Most of the doctrines that are turning our practice topsy-turvy have absolutely no support from competent psychologists. The doctrine of spontaneity and its attendant laissez-faire dogma of school government is thoroughly inconsistent with good psychology. The radical extreme to which some educators would push the doctrine of interest when they maintain that the child should never be asked to do anything for which he fails to find a need in his own life,—this doctrine can find no support in good psychology. The doctrine that the preadolescent child should understand thoroughly every process that he is expected to reduce to habit before that process is made automatic is utterly at variance with long-established principles which were well understood by the Greeks and the Hebrews twenty-five hundred years ago, and to which Mother Nature herself gives the lie in the instincts of imitation and repetition. It is conceivable that these radical doctrines were justified as means of reform, especially in secondary and higher education, but, even granting this, their function is fulfilled when the reform that they exploited has been accomplished. That time has come and, as palpable untruths, they should either be modified to meet the facts, or be relegated to oblivion.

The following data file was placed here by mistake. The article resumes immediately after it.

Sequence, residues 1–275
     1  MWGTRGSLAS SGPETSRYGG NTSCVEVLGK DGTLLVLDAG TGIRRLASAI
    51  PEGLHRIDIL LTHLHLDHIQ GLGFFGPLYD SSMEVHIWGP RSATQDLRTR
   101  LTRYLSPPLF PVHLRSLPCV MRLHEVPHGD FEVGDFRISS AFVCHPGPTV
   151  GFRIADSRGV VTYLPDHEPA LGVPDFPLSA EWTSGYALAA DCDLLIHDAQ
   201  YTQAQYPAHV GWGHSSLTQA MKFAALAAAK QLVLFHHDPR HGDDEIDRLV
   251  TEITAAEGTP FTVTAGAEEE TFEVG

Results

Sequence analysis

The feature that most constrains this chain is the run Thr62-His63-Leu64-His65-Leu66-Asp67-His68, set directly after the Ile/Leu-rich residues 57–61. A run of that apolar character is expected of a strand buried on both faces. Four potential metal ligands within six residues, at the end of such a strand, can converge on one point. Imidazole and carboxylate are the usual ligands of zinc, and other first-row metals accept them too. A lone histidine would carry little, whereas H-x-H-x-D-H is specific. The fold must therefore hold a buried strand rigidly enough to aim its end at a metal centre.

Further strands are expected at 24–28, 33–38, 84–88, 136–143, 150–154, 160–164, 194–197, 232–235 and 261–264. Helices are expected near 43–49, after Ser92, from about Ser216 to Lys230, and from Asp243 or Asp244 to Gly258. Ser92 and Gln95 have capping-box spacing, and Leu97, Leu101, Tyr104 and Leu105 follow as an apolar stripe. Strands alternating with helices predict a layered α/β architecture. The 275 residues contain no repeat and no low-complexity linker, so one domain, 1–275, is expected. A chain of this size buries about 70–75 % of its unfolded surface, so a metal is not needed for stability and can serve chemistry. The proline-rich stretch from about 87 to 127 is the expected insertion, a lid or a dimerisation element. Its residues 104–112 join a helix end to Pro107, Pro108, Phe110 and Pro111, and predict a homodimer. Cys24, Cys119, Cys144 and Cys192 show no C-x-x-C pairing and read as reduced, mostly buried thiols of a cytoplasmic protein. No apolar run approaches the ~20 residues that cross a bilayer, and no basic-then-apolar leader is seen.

It is safe to say that formalism is no longer a characteristic feature of the typical American school. It is so long since I have heard any rote learning in a schoolroom that I am wondering if it is not almost time for some one to show that a little rote learning would not be at all a bad thing in preadolescent education. We ridicule the memoriter methods of Chinese education and yet we sometimes forget that Chinese education has done something that no other system of education,